Are You Needy Or With An Ex Insensitive to Your Needs?

Many of us do not know that we are needy and clingy, let alone can accept that we are. If anyone even remotely suggests that we are needy or clingy, we get defensive about it. But if your desire to get closer to someone only makes the other person want distance or if you require constant validation and reassurance from a relationship partner, chances are you are needy. You may not be needy all the time and to all people, but needy and clingy with that particular person.

And if you score high on attachment anxiety (anxious preoccupied or fearful avoidant), you may worry about being underappreciated or abandoned and act in ways that are seen as needy and even clingy.

However, there are times when one is called needy  but a closer look at the relationship reveals that the problems in the relationship have little to do with one being needy, and everything to do with being with an inconsiderate and insensitive boyfriend/girlfriend, partner or ex.

This will sound very familiar to some of you. You have plans to go hang out later in the evening, your avoidant partner or ex says they will meet you, or come pick you up at 8 p.m. You get ready and all pumped up, but 8 p.m. comes around and they are no show. At 8.15 p.m., you give them a call, but no answer. So you send them a text and still no word from them. At 9.45 pm, they finally respond to your text saying, “My boss called, and I had to go to the office” or “My friends X and Y dropped by, and we went out”.

Now you are really ticked off. You send them a text back saying, they should have at least called or sent you a text to let you know that plans had changed. Their response, “Why are you upset?”. You text back and forth for a while, you mostly trying to get them to acknowledge that their actions were insensitive, and you have the right to be upset, and then BOOM! They say they need space because they feel suffocated (translated: you are needy)

Really? They changed plans and didn’t think to let you know and somehow you are needy for asking for some sensitivity?

It’s important that genuine reactions to inconsiderate and insensitive actions by a partner or ex should not be dismissed as irrational, needy or clingy. But it’s also equally important that you do not interpret everything as someone is being inconsiderate and insensitive when it’s you who’s being demanding, pushy and disrespecting your partner or ex’s needs, feelings, and boundaries.

1. You’re not needy or over-reacting when you ask that someone respect you enough to tell you when a change in their plans affects you. You’re needy when you expect them not to have any change of plans or not have a life of their own where you are not involved.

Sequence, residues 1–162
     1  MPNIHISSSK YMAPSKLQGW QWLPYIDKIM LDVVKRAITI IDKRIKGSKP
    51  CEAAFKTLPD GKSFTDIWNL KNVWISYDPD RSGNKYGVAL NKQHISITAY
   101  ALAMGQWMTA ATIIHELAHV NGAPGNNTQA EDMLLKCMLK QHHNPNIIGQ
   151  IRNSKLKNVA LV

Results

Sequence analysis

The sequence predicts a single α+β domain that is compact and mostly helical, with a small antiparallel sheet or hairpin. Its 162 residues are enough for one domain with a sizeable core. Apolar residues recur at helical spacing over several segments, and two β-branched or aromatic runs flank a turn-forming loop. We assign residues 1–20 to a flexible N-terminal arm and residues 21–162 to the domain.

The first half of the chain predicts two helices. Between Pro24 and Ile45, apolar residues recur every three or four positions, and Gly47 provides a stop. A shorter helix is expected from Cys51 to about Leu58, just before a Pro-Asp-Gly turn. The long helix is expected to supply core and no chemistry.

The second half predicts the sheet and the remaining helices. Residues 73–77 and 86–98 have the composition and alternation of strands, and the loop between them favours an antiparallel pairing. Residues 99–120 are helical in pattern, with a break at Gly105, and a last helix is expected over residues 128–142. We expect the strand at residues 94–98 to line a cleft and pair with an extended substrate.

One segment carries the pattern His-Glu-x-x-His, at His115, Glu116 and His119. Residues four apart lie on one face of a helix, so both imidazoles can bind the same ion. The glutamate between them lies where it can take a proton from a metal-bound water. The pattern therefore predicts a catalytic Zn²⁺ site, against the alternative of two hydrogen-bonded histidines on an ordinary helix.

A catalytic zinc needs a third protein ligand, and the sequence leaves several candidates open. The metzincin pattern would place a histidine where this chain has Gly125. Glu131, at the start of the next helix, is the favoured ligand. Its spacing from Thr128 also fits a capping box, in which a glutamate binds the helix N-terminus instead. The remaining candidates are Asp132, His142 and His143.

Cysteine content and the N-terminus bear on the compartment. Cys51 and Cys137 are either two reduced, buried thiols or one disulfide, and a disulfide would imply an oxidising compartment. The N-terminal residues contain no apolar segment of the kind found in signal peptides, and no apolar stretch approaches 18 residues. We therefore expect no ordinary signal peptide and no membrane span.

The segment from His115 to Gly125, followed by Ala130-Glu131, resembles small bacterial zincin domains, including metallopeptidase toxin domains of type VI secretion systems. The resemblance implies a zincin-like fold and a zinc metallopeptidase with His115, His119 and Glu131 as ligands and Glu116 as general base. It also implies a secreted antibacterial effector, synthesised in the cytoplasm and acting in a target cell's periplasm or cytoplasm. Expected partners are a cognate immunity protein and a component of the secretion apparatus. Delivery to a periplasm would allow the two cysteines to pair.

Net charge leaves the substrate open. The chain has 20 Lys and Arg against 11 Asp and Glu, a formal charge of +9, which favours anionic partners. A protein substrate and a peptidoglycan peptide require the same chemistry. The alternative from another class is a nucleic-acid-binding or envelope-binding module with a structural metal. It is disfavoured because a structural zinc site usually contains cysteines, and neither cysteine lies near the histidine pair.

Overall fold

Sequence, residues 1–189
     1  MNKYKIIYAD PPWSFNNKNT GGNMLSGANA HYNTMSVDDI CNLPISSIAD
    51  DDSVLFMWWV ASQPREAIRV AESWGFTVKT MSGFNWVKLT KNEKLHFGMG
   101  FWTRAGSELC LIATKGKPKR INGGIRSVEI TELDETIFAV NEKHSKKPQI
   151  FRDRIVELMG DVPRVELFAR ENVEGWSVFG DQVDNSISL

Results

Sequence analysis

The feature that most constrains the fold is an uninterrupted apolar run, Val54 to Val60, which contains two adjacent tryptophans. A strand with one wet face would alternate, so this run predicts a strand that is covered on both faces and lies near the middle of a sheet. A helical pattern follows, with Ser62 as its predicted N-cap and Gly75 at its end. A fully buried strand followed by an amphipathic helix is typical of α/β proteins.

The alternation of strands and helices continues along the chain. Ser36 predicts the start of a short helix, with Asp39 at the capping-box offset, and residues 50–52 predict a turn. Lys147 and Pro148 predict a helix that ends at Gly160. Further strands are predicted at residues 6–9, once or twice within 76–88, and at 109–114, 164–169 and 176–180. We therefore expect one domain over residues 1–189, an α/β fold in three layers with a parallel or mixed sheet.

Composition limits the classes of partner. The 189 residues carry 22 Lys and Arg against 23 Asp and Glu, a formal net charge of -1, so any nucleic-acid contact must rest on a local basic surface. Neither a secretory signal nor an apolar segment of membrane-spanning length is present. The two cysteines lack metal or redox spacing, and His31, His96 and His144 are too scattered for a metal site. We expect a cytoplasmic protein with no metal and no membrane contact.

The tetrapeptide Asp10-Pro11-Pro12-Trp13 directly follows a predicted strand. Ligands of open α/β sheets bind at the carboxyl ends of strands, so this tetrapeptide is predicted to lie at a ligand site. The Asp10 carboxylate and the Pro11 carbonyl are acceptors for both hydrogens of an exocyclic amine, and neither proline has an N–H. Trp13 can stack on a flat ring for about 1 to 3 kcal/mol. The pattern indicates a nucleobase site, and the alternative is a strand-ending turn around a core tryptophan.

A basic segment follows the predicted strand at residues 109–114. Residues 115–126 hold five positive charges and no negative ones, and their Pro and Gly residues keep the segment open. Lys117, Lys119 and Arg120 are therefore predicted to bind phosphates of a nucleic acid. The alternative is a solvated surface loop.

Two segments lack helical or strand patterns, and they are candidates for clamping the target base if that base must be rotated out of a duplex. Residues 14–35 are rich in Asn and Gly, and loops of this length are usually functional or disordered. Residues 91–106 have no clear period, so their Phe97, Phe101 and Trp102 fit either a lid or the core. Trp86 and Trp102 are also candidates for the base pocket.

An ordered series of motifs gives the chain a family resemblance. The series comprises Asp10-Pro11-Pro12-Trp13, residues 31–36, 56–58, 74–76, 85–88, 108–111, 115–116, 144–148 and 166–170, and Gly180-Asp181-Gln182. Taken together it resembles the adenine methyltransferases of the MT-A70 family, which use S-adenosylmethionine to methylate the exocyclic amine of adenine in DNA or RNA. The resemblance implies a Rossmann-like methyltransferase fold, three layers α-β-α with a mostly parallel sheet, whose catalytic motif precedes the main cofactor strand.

2.  You’re not needy if you tell someone you love them or how you feel about them. You’re needy if you keep telling them over and over how much you love and care about them with the hope that they’ll return the gesture.

3. You’re not needy when you send a text or call to let the other person know that you are thinking of them, or ask how their day has been. You’re needy if you send a text or call someone just to reassure yourself that they are thinking of you, want to be with you, or care about you.

4. You’re not needy or suffocating when you point out that someone spends more time with their friends than do with you, their partner. You’re needy and suffocating when want them to spend time with them all the time and get upset when they need time to themselves or jealous when they spend time with friends and family and you are not invited.

5. You’re not needy when you get upset that someone dismisses your feelings or shoves your need for healthy communication back into your face. You’re needy when you try to force emotional closeness when someone isn’t ready or doesn’t want it.

There are so many other examples of when you may not be needy but reacting to an insensitive partner or ex. But when you have attachment anxiety which often leads to being needy, you may have a hard time differentiating when you are being needy and when you are reacting to the fact that your partner or ex is not meeting your emotional and relationship needs.

Next time you are accused of being too sensitive or think that you are being needy and clingy, ask yourself, am I:

1. Expecting or demanding that someone else make me happy?

2. Desperate for attention, affection, support, reassurance etc., because I believe I’ll not get it/ I believe I am not loved?

3. Expecting too much/ more than they’re ready to give/don’t want to give/incapable of giving?

If the answer to any of these questions is yes, then you’re being needy and need to find ways to meet your needs on your own, and also learn to communicate your needs without being needy.



How to Talk About Your Needs And Feelings Without Being Needy


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